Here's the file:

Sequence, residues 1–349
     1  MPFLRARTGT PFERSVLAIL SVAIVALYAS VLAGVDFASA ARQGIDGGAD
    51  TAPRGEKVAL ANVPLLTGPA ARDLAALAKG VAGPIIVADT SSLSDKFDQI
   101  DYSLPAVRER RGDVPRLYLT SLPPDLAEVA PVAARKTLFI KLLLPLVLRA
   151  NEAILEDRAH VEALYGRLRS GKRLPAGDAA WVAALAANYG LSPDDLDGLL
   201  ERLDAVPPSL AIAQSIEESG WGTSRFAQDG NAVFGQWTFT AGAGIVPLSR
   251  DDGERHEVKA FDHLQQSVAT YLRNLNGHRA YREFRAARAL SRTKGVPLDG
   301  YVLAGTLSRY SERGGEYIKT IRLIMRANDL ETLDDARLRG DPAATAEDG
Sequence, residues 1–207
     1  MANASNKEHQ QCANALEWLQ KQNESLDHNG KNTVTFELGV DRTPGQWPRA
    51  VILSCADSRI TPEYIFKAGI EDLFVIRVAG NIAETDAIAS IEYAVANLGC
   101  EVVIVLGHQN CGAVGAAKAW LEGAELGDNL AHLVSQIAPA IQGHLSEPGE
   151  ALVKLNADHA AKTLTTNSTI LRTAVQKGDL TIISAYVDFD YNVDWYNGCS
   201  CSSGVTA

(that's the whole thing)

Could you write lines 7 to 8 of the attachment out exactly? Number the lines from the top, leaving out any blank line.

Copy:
   251  DDGERHEVKA FDHLQQSVAT YLRNLNGHRA YREFRAARAL SRTKGVPLDG
   301  YVLAGTLSRY SERGGEYIKT IRLIMRANDL ETLDDARLRG DPAATAEDG